Audio-Technica AT2020 vs AT2035: Overview

It’s no secret that Audio-Technica makes killer pro audio gear. From budget starter mics to world-class monitoring headphones, they have a lot of what you’d need to build a solid recording studio. In this AT2020 vs AT2035 comparison, we’ll dig into some of the information surrounding two of their well known entry-level mics.  We’ll look at things like the frequency response graphs, polar patterns, specifications, pros and cons for each mic, and some audio samples to gauge the way each sounds and performs in practice. If you’re looking to buy one of these, this data is crucial to look at in order to make an informed decision that fits your needs. Let’s get started.

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Last Updated: 10/12/2021

Audio-Technica AT2020


AT2020 Specs

AT2020 Pros & Cons

AT2020 Frequency Response

at2020 vs at2035 frequency response
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Starting with the treble, we can see that AT2020 has a definite and clear increase starting at roughly 15 kHz and ending at 3500 Hz. This boost of 1 to 2 dB adds a subtle sparkle and brightness to the sound of the AT2020. 

Traveling further down the spectrum, things begin to level off. Mids are relatively flat for both mics, with the AT2035 hugging the 0 dB line a bit more vs the AT2020. 

Where things begin to differ is in the low-end responses of these two mics. The AT2020 sees a gradual decline beginning at roughly 350 Hz, which becomes even more apparent beginning at 200 Hz. The lowest point in bass response for the 2020 is between -4 and -5 dB at 80 Hz. While the response curves of the 2020 and 2035 in this region mirror each other almost exactly as far as the shape goes, the 2020 shows more of an exaggerated cut.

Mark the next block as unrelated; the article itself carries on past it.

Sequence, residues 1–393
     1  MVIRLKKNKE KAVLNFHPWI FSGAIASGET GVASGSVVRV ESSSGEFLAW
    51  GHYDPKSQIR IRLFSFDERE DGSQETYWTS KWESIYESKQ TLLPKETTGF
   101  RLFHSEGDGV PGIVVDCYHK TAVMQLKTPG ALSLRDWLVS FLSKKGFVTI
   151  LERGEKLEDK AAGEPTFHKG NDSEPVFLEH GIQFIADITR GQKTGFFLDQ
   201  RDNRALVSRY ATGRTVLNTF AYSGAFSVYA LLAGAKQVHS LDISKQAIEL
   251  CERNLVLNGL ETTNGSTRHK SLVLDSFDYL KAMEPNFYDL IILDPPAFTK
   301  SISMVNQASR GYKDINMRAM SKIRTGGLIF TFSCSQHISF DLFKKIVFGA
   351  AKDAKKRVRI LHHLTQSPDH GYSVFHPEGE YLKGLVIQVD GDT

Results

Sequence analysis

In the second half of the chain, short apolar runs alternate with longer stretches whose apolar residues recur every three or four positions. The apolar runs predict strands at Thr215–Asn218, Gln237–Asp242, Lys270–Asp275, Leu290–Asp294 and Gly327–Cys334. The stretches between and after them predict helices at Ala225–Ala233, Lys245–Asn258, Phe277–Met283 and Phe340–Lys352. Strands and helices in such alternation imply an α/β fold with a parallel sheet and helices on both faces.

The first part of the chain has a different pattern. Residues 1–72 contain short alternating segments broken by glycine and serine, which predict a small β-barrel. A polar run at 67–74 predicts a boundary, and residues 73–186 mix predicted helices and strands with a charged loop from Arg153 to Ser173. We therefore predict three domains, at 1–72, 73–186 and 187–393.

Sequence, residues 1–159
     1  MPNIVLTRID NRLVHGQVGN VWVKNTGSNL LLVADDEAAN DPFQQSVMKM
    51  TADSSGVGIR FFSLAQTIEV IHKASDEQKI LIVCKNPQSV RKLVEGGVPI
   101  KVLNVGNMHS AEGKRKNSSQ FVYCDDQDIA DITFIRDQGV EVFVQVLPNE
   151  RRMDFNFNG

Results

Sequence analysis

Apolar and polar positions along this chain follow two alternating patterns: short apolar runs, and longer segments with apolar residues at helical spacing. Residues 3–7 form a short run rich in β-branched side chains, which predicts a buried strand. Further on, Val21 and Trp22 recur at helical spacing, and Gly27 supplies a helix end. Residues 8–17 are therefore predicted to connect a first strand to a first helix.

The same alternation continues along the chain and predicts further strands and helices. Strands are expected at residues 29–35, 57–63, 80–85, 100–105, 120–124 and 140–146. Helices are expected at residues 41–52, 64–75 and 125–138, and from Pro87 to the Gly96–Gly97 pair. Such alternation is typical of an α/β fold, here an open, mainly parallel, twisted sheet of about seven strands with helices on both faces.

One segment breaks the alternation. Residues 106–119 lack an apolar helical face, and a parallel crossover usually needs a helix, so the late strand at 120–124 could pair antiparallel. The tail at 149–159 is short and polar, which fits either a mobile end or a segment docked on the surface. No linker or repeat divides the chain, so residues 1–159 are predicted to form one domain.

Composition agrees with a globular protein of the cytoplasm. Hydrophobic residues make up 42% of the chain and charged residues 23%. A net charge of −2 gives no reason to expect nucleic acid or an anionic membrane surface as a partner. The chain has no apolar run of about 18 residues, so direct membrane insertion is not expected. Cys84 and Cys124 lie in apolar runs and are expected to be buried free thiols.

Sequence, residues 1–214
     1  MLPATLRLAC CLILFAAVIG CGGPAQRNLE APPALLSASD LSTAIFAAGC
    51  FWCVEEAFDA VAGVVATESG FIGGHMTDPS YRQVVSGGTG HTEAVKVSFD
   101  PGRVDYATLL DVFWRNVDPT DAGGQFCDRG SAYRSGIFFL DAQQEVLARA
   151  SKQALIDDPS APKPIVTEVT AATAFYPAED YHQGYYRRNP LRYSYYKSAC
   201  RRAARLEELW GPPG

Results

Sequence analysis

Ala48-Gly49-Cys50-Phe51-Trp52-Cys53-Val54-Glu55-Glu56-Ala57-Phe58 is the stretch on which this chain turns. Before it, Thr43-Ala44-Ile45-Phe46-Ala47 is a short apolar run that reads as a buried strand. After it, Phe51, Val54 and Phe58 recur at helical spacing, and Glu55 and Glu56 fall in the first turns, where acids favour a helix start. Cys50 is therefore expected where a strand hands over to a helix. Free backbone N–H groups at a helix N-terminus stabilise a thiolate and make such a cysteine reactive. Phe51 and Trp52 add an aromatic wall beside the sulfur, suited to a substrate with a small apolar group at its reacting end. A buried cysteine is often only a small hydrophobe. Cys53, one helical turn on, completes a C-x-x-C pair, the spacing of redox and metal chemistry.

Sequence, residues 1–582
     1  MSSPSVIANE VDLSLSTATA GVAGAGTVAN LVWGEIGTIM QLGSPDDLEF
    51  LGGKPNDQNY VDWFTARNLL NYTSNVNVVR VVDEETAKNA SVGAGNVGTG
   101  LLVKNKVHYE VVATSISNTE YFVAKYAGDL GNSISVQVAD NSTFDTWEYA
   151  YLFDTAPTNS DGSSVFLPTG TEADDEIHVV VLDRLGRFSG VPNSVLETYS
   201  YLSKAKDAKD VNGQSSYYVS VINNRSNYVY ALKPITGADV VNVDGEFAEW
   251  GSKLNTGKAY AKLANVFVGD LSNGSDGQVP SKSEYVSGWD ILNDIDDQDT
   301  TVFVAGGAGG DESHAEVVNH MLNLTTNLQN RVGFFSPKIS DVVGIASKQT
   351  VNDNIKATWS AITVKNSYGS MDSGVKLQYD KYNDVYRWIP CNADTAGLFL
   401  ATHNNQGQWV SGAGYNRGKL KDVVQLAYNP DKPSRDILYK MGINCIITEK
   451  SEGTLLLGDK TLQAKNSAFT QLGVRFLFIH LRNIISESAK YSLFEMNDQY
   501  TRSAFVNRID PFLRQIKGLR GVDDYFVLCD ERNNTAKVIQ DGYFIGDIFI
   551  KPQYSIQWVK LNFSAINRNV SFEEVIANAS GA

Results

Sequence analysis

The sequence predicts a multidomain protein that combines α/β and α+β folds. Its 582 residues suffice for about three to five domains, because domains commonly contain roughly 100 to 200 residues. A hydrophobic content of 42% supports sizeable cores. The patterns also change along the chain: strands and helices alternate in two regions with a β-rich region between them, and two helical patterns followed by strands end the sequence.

AT2020 Polar Pattern

a2020 pickup pattern
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AT2020 Sound

Audio-Technica AT2035

AT2035 Specs

AT2035 Pros & Cons

AT2035 Frequency Response

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As with the 2020, the 2035 also has a nice boost roughly between 15 kHz and 3500 Hz. The AT2035 appears to have an extra 1 – 2 dB of gain in this area in comparison to the 2035 though. Treble response peaks at around 13 kHz with a 3-4 dB gain.

There isn’t much of a difference in these two between around 500 Hz and 3500 Hz. Mids are mostly flat for both, but again, the 2035 seems to be just a hair flatter. 

In the low-end, we can really see the effects of the -12 dB per octave roll-off filter. This filter has a cutoff frequency of 80 Hz, and it can help to cut back on any added muddiness that the AT2035 may have over the 2020. With the filter deactivated, the bass response of the AT2035 definitely shows less of a cut. All in all, the filter only adds to the versatility of the AT2035 when recording low-frequency sounds.

AT2035 Polar Pattern

at2035 pickup pattern
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AT2035 Sound

Audio-Technica AT2020 vs AT2035 Conclusion: Similarities & Differences